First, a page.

to RAMBO (IV), it's a wonderful start to hear the theme as we first knew
it. Listening to this piece bring back memories of the simple story
of John Rambo, a Vietnam Vet treated unjustly, unfairly,
and pushed passed his psychological self-limits, and into survival mode.
What certainly doesn't come to mind are those things which ultimately
define this final chapter: heads being shot off, people exploding on
mines, or enemy soldiers (one's we have been setup to completely hate)
being gutted like a Burmese yellow-fish.
Beyond the classic Goldsmith quotes, BRIAN TYLER let's loose his own
creative talents for RAMBO. Tyler adds a
new theme to the mix and it's a
perfect fit - feeling like a natural extension of the original theme.
Check out how well these two themes flow together in tracks 1, and 19.
Throughout the midst of the score, this new theme actually comes to bear
the emotional weight of the story. In addition to his talent to bang out memorable themes
(see PARTITION, CHILDREN OF DUNE), he's certainly one of the better
crafters of action music. In tracks such as "No Rules of Engagement" (2),
"Hunting Mercenaries" (7) and "Rambo Takes Charge" (16),
Tyler delivers the right music to match the fast-paced escapes,
rescues and slaughters taking place on screen. Tyler builds a brand of
tension that is more atmospheric than it is "in your face" in tracks such
as "Searching for Missionaries" (6) and Crossing into Burma" (8). He even
crosses into Zimmer/Newton-Howard territories (spelled B A T M A N B E G I
N S ) in tracks like the aforementioned "Crossing into Burma" and "When
You are Pushed" (11). We get a little explosions of reversed samples that
have been heavily processed for the dirty, grungy effect...and it works
well in helping to convey ol' Rambo's shift from denial to rage. Tyler
also manages to bring some measure of setting into his score, which go a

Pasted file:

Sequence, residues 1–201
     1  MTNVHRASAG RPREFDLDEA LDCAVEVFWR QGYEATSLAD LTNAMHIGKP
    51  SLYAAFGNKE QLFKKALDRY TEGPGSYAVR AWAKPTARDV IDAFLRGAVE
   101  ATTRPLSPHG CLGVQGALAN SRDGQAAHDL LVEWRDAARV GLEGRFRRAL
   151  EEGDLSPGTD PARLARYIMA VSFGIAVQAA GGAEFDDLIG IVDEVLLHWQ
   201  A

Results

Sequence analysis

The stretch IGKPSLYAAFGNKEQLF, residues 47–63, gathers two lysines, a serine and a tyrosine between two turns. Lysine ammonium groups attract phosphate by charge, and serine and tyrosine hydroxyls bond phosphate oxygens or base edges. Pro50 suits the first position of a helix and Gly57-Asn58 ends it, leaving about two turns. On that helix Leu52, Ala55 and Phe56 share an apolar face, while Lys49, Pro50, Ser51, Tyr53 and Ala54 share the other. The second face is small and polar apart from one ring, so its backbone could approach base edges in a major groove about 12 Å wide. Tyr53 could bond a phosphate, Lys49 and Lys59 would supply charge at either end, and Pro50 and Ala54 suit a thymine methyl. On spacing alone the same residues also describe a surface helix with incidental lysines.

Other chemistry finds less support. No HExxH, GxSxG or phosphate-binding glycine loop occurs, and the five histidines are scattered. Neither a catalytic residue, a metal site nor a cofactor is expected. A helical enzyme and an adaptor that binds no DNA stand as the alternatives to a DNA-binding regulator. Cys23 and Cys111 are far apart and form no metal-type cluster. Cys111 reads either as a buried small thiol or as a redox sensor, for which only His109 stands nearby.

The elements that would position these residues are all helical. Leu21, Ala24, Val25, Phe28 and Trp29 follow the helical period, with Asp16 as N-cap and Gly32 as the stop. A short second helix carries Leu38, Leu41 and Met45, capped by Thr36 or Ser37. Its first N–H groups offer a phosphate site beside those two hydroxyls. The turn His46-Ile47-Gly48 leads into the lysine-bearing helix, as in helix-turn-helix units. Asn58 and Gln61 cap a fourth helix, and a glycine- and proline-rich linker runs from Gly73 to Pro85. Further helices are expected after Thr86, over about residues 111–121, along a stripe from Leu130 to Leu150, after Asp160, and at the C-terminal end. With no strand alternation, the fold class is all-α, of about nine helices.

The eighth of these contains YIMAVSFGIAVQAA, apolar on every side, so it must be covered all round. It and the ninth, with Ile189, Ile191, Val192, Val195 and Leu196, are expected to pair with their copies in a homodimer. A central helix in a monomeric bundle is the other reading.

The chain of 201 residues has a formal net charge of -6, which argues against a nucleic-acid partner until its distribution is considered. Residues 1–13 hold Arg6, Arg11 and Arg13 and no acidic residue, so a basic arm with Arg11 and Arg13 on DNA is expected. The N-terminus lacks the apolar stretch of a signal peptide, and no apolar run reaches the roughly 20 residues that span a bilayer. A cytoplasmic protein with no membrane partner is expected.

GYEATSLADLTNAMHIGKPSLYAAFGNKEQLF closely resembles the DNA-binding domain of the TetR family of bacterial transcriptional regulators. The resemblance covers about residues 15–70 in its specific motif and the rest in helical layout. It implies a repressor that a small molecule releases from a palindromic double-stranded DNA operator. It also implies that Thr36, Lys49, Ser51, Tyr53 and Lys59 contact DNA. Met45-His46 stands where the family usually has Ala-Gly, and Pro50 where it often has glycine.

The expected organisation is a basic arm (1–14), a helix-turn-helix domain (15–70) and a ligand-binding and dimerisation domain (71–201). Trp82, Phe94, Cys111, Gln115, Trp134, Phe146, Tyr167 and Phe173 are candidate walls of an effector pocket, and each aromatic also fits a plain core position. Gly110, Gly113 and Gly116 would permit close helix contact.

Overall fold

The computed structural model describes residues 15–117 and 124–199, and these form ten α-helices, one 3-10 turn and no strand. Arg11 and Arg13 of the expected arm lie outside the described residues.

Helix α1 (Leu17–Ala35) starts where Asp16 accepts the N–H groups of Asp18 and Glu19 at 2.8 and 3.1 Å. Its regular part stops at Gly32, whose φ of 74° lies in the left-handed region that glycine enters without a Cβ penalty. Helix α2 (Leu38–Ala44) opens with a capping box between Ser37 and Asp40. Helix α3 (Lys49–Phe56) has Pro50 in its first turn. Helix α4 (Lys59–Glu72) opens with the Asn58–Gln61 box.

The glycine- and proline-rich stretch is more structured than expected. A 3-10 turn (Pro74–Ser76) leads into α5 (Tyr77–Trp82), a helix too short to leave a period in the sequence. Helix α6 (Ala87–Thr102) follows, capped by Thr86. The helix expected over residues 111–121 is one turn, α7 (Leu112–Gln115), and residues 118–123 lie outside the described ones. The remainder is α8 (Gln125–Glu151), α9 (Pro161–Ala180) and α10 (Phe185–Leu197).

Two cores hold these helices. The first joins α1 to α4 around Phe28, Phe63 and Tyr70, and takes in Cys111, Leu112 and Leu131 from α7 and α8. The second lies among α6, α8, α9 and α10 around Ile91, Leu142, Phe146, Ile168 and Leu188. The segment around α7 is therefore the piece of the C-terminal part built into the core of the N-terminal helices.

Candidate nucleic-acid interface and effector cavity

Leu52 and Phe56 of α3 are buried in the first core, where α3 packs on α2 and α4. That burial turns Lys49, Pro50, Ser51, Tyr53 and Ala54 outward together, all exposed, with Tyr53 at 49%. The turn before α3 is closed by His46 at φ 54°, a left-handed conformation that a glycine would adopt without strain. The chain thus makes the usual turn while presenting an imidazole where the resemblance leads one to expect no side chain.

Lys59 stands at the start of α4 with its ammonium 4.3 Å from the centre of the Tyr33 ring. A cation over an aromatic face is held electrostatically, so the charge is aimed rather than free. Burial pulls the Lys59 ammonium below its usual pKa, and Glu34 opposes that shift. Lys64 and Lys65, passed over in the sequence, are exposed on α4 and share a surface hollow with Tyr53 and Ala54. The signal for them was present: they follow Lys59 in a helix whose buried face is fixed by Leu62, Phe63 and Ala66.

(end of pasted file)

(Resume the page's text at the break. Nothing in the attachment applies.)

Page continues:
long way to establishing the dark, foreboding jungles of Taiwan and Burma.
To accomplish this he employs a variety of percussive instruments: drums, wood
blocks, slapstick, the occasionally some Asian version of wood flute.
The score is more than action and tension.
BRIAN TYLER makes the most of his new theme to deliver those much needed
respites. There are a handful of tracks scattered (or splattered if you're
still feeling really Rambo-y) throughout the score and they truly
help to round out the listening experience. "Aftermath" (5) features a
reflective statement of this new theme as does "The Village" (9). "Battle
Adagio" (18) starts to bring the film and soundtrack to its close and it
is one of the most emotional pieces of the entire score. It's here that
BRIAN TYLER shines the brightest. With his new theme playing heroically
again on strings and brass, we also hear his rumbling percussion, wordless
vocals and unique orchestration in full-bloom and we start to tread on the
rapturous moments that we all know Tyler has hit before.
The final two tracks that end the soundtrack and, thank God, the Rambo
franchise does so with the self-restraint that the film lacked overall.
RAMBO fails on so many levels and BRIAN TYLER's score may be the lone
highlight. Yes. I know that Rambo II and III were far cries from
FIRST BLOOD as well, but neither of them went to the places that RAMBO has. The
essence of FIRST BLOOD was the story and the enigmatic character at its
center - Goldsmith's theme captured that perfectly back then and, via
Brian Tyler, still does, even if that character has become more like
Freddie Kruger than a war hero. Lionsgate Records release contains
the most important cues from the film but arranges them out of sequence to
provide the most evenly balanced listening experience. Those of you
who enjoy Brian Tyler's works and those of you quasi-nostalgic over the
original First Blood, this effort (the score, not the film) may have
something to offer you.
No Rules of
||Searching for Missionaries
||Crossing Into Burma
||When You are Pushed
||The Call to War
||Attack on the Village
||Rambo Takes Charge
||Rambo Main Title
||Rambo End Title
||Total Running Time (approx)